Chandelling: Nigeria loses over $10bn annually to foreigners
Nigeria’s Vice President, Prof Yemi Osinbajo
The Nigerian Licensed Ship Chandlers’ Association has raised fresh concerns over the foreign domination of the chandelling business in Nigeria, saying the country loses at least $10bn annually.
It is estimated that over 5,000 ships of different sizes and configurations call at the nation’s eight seaports in addition to other offshore supply vessels and platforms such as the Floating, Production, Storage and Offloading FPSO, which require chandelling services.
Coordinator of the association, Dr. Martins Enebeli, who spoke with members of the Maritime Reporters Association of Nigeria MARAN, at the weekend, expressed that members of the association numbering over 300 firms, which represent are the indigenous operators in this sub-sect of the maritime industry control less than one per cent of the business.
According to him, the foreign operators in the business repatriate over $10bn annually from the business to the detriment of the indigenous operators, a development he described as unacceptable.
It was gathered that the poor implementation of the Coastal and Inland Shipping Cabotage Act 2003 and the Nigerian Content Act 2010, both of which prescribe a minimum level of participation by the indigenous operators both in the shipping and oil and gas industries has helped to compound the problem of the indigenous chandeliers.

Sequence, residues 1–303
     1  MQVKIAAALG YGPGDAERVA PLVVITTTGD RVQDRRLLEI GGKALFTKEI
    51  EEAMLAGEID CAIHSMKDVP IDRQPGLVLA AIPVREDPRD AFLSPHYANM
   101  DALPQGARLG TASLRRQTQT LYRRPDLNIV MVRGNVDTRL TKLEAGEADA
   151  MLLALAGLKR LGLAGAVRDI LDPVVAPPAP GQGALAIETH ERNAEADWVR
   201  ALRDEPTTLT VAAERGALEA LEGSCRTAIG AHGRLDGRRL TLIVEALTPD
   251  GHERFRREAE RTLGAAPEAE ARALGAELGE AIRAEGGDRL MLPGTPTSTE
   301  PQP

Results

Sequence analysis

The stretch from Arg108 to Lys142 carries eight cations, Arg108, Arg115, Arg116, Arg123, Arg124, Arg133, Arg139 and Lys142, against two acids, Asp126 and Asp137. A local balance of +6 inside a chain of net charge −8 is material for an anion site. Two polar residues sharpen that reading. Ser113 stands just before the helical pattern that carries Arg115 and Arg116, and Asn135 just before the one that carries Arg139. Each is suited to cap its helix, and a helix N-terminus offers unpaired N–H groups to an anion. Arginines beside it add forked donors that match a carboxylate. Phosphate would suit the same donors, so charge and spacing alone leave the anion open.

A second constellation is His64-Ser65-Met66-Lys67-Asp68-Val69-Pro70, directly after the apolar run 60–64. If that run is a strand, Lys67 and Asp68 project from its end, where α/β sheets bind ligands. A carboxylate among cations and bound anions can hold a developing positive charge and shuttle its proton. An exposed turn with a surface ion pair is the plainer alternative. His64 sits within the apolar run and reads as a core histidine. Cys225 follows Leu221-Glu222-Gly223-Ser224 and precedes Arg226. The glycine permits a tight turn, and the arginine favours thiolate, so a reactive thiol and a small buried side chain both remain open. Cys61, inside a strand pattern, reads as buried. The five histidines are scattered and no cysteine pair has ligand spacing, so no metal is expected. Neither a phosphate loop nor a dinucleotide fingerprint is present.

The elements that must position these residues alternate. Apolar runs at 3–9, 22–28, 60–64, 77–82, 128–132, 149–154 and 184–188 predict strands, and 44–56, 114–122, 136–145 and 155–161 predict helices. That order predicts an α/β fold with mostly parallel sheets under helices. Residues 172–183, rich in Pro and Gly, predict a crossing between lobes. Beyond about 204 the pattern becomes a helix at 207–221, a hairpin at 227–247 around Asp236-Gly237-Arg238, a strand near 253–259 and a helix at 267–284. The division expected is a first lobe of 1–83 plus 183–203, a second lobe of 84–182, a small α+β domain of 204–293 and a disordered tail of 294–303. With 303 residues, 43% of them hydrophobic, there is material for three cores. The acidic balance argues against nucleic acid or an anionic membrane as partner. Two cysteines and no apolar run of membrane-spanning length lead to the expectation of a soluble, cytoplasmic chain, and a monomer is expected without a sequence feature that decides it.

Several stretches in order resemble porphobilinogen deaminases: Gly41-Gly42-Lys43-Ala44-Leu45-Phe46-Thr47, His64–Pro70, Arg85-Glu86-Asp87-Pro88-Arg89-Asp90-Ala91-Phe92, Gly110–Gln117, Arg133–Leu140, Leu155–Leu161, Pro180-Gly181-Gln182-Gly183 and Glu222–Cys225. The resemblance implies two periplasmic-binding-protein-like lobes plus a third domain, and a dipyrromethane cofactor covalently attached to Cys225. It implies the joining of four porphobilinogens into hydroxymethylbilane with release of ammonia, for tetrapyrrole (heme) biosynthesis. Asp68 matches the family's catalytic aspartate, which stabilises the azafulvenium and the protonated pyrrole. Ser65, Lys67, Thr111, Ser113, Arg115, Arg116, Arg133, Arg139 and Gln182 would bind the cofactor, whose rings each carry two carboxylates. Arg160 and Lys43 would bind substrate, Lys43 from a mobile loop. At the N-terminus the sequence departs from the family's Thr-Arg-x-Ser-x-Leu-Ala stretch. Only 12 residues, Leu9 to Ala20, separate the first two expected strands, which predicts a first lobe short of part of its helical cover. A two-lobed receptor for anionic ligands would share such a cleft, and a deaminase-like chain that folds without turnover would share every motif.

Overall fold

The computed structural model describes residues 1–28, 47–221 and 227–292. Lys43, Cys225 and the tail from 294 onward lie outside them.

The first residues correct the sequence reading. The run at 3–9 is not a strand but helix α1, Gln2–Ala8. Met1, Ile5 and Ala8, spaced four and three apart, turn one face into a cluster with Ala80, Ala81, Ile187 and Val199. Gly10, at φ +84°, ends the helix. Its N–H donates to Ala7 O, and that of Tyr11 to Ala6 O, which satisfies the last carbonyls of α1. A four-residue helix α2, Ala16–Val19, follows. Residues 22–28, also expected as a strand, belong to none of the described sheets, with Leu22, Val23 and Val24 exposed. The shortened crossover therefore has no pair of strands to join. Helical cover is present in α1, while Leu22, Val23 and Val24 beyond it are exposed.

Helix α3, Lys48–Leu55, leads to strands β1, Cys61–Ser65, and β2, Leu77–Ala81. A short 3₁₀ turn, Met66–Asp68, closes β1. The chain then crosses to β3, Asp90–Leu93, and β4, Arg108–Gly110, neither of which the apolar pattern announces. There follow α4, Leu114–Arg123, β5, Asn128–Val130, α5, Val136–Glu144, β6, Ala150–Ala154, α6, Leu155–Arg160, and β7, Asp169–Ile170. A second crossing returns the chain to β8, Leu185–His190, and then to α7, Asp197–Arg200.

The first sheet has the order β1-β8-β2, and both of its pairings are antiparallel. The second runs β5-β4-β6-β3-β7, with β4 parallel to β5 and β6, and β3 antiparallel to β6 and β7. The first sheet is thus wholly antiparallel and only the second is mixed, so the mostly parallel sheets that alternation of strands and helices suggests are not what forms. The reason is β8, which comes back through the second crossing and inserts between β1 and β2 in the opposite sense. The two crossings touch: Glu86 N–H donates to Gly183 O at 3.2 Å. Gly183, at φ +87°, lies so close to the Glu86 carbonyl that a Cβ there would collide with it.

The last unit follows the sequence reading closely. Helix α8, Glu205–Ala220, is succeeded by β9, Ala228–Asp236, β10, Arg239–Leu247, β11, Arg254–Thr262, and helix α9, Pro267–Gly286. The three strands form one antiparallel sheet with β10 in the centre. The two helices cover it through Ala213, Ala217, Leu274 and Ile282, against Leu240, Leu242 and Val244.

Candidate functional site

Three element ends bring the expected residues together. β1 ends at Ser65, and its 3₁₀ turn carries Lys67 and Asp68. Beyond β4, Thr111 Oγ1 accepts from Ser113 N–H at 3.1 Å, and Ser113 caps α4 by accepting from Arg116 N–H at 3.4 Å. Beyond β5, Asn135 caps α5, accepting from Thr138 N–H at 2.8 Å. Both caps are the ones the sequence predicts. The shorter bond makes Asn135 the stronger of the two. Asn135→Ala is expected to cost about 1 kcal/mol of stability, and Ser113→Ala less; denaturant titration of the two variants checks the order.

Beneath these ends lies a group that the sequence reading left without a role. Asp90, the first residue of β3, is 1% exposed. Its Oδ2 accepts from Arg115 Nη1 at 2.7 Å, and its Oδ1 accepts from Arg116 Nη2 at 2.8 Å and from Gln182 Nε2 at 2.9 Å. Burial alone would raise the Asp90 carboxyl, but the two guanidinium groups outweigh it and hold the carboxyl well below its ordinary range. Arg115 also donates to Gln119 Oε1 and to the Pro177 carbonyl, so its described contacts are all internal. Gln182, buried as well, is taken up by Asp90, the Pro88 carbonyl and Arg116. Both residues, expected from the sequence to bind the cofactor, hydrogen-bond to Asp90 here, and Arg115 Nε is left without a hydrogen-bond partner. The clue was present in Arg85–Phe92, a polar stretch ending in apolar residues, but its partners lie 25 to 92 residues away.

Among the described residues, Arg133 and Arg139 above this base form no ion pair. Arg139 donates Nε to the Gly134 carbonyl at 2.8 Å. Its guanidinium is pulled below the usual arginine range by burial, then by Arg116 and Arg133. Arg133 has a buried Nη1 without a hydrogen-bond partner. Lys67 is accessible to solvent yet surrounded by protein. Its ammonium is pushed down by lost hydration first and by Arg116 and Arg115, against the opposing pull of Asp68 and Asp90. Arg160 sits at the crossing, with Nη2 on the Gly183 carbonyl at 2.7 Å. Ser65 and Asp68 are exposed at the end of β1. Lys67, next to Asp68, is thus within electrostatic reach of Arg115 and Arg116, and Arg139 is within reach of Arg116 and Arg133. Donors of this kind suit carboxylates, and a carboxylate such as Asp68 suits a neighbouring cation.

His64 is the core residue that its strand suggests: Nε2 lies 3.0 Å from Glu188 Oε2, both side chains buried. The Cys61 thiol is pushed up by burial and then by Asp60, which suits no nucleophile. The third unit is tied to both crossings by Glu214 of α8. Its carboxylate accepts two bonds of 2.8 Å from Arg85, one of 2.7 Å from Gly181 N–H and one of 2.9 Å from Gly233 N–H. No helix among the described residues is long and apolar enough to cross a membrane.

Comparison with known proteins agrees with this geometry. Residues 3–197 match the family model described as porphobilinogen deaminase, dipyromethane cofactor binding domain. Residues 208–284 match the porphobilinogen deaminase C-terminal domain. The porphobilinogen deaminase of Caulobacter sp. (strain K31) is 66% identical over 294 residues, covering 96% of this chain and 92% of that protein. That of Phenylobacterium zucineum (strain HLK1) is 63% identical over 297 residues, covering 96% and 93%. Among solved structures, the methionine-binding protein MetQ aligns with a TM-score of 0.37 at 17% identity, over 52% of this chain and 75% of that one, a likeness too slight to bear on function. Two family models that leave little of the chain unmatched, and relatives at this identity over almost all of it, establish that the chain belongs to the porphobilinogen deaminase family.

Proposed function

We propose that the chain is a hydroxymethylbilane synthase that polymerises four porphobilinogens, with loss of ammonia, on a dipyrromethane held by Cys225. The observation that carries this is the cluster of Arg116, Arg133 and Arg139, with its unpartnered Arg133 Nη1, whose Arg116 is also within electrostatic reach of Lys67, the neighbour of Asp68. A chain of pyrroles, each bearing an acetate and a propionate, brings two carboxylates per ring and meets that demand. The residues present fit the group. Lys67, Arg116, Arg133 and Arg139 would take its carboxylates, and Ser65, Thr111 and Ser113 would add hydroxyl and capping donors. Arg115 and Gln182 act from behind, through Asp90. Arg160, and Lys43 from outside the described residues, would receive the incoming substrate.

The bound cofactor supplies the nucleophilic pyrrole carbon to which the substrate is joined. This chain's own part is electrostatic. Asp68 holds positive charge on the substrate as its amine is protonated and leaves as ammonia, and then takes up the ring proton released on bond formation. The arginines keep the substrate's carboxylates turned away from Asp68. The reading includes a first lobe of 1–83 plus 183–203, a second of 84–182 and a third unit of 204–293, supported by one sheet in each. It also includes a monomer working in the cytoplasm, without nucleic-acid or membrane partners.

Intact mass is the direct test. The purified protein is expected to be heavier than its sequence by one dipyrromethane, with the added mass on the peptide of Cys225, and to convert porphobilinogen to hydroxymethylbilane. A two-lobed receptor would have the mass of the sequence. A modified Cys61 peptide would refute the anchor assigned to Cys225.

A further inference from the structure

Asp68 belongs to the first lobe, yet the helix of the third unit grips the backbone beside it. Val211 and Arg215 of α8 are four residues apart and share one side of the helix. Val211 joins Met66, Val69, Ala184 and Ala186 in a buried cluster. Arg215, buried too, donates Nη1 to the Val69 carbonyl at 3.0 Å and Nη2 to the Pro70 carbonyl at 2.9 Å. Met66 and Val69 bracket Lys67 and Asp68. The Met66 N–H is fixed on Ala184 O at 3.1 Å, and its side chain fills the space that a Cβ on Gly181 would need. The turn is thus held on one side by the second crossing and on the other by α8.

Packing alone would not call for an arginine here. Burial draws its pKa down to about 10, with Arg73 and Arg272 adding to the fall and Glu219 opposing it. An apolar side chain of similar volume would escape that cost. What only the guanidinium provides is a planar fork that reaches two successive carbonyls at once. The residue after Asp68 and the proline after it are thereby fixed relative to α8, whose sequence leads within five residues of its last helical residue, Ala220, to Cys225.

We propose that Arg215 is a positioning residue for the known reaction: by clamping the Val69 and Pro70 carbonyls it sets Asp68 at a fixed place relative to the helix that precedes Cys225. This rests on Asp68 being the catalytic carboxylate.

The coordinator also attributed the plight of the indigenous operators to the implementation of the Free On Board FOB, policy for the export of Nigeria’s crude oil and Cost, Insurance and Freight CIF, for the shipment of her imports, in both cases the buyers of the crude determine the vessel while the sellers of her imports determine the vessel to be used for the shipment.
“You will discover that most ships that call at Nigeria’s seaports get their chandelling services in Ghana, Angola and other African countries even before they come to Nigeria because of the imbalance in the FOB and CIF trade terms adopted in Nigeria’s export and import business”
“There are no fewer than five million expatriates, who feed fat on the country and should therefore be serviced by Nigerian chandeliers, but this is regrettably not the case as Nigerians have been pushed aside in favour of the foreigners, who supply all the ship requirements, which spells doom for the nation’s socio-economic wellbeing, especially in terms of reducing unemployment and foreign exchange earnings”, Enebeli further lamented.
He also urged that Federal Government to come up with policies that would make it possible for the indigenous operators to take their pride of place in the dollar-rich sub-sect of the maritime industry while the National Assembly should as a matter of urgency enact a legislation that would indigenise the business of chandelling in the country as it is the practice even in some neighbouring African countries.
Investigations show that in some African countries including the Republic of Benin and Togo, the business of chandelling is strictly done by citizens since licenses cannot be issued to foreigners and so any foreign chandelier or even Customs clearing agent must require a citizen of any of the countries to carry out such business due to some legal restrictions on foreign operators.